Labour members will vote on a motion committing the party to keeping “all options on the table” on Brexit, including potentially campaigning for a new referendum.
Senior party delegates have agreed on the wording for a motion to be put to the party conference in Liverpool on Tuesday about what the party should do about Brexit if it cannot get a general election.
The motion says: “If we cannot get a general election, Labour must support all options remaining on the table, including campaigning for a public vote.”
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It adds: “If the government is confident in negotiating a deal that working people, our economy and communities will benefit from, they should not be afraid to put that deal to the public.”
Yesterday, Labour leader Jeremy Corbyn said he would back a second Brexit referendum if Labour members voted for it at this week’s conference, signalling a major shift in party policy.
Speaking to the BBC’s Andrew Marr as the party faithful gathered in Liverpool, Corbyn said he would be “bound by the democracy of our party” were members to vote in favour of a second referendum, although he added he would wait and see what wording would be put in front of the delegates after a meeting on Sunday evening.
A debate on a second ‘People’s vote’ was called for by over 100 constituencies. According to a YouGov survey of 1,054 Labour members, commissioned by the People's Vote campaign, 86% wanted a final, public say on the outcome of Brexit negotiations, against 8% who opposed it.
The Sunday Telegraph says Corbyn’s comments “pave the way for a significant change in Labour’s Brexit policy”, and come just two days after Theresa May urged the Labour leader to clarify his position on Brexit, “amid concern that a Labour U-turn could jeopardise any deal reached with Brussels and prevent the UK from leaving the EU”.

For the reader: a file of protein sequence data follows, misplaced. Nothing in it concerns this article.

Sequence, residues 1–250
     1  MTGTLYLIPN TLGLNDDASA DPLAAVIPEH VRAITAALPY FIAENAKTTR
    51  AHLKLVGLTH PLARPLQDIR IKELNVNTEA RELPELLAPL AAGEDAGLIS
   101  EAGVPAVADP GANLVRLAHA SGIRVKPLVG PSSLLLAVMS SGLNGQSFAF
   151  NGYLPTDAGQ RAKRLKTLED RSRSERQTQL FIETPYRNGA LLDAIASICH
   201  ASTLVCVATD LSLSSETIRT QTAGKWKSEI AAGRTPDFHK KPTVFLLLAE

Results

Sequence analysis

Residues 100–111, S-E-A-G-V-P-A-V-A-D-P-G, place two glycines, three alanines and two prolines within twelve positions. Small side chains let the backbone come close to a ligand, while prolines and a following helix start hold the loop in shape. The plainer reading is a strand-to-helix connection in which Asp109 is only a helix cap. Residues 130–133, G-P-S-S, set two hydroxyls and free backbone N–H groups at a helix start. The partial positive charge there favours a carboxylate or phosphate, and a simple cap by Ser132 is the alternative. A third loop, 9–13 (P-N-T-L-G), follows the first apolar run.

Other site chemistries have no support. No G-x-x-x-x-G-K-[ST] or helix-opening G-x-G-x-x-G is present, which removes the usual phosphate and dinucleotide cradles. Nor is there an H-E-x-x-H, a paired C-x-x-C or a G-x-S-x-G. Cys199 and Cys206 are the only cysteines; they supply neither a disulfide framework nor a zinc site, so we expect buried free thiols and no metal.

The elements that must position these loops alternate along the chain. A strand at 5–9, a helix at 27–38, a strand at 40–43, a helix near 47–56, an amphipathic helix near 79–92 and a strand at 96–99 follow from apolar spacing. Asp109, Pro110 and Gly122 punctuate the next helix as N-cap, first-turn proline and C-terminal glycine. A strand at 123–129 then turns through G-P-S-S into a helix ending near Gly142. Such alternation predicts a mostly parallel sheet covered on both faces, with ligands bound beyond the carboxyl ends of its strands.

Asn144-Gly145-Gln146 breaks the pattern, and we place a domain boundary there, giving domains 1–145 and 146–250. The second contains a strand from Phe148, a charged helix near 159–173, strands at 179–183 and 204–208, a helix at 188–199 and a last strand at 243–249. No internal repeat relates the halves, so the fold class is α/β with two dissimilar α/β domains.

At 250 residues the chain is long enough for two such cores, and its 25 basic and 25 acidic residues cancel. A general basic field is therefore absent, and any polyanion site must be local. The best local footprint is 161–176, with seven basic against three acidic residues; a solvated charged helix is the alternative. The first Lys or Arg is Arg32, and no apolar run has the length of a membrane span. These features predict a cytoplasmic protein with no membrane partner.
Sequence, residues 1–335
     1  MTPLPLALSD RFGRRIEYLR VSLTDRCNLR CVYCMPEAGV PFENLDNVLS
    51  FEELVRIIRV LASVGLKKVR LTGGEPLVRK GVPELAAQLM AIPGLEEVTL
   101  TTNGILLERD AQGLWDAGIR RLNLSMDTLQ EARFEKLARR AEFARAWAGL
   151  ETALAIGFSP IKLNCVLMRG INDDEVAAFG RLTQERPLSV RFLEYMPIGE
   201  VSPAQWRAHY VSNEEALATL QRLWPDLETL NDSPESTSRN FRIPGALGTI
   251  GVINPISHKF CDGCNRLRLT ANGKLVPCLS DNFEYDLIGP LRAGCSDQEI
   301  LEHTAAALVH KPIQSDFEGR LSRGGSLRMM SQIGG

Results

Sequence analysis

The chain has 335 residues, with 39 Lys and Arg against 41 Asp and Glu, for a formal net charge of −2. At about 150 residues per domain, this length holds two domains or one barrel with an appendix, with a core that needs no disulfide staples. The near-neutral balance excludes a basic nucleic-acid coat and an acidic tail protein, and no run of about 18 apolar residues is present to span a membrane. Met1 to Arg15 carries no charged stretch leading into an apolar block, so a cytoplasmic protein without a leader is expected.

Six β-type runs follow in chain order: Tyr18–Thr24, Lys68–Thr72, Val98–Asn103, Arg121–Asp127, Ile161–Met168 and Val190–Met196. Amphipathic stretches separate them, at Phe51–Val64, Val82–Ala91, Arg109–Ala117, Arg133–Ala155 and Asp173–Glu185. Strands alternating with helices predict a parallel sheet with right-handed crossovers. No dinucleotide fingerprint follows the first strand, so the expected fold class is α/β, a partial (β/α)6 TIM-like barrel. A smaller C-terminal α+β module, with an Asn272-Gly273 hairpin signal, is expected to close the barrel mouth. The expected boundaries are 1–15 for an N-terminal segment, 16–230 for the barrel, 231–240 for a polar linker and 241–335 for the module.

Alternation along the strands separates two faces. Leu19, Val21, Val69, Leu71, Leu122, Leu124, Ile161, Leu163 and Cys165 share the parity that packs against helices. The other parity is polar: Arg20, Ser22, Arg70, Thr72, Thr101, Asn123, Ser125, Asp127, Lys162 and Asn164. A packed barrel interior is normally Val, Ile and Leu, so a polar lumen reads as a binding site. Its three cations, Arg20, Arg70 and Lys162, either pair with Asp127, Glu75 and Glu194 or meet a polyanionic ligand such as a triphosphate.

The party has never formally rejected the option of a further vote but both Corbyn and his deputy, Tom Watson, have indicated they would prefer it to be resolved by a general election.
A YouGov poll conducted last week found the party could win enough extra votes to bring it to the brink of general election victory by backing a second referendum.
Thousands marched in Liverpool over the weekend calling for a second vote on the final terms of the Brexit deal, which has shown steadily growing public support in recent months as the government’s negotiating strategy has floundered.
The Labour leadership has been under intense pressure to shift its position on a second referendum, led by a cabal of Remain-supporting MPs and, crucially, a growing number of unions.
Speaking separately to the BBC’s Peinaar’s Politics yesterday, Len McLusky, the leader of Britain’s biggest union Unite which is also Labour’s leading donor, threw his support behind a second referendum, but said the option of staying in the EU should not be on the ballot, and rather the public should choose between whether to endorse May’s final deal or opt for no deal at all.
Despite the shift in Labour party policy “there are still many obstacles in the way of a referendum” says John Rentoul in The Independent. He said “I think it would only become a possibility if Theresa May fails to reach an agreement with the EU. That would, incidentally, resolve the problem of the question wording: the referendum would then be a choice between leaving the EU without a deal, or remaining”.
However, Labour’s primary strategy appears to be forcing the government into an early general election, something the Brexit Secretary, Dominic Raab, categorially ruled out on Sunday.
It follows reports in The Sunday Times that Theresa May’s aides have secretly begun contingency planning for a snap election in November to save the Brexit talks and her job after EU leaders rebuffed the prime minister’s Chequers plan.
In a bid to force an early election, Corbyn has said Labour would be prepared to vote down the prime minister’s final Brexit deal when it is put to the Commons in November, if it did not meet a series of tests Labour has set out, specifically if it waters down workers’ rights and environmental protections.
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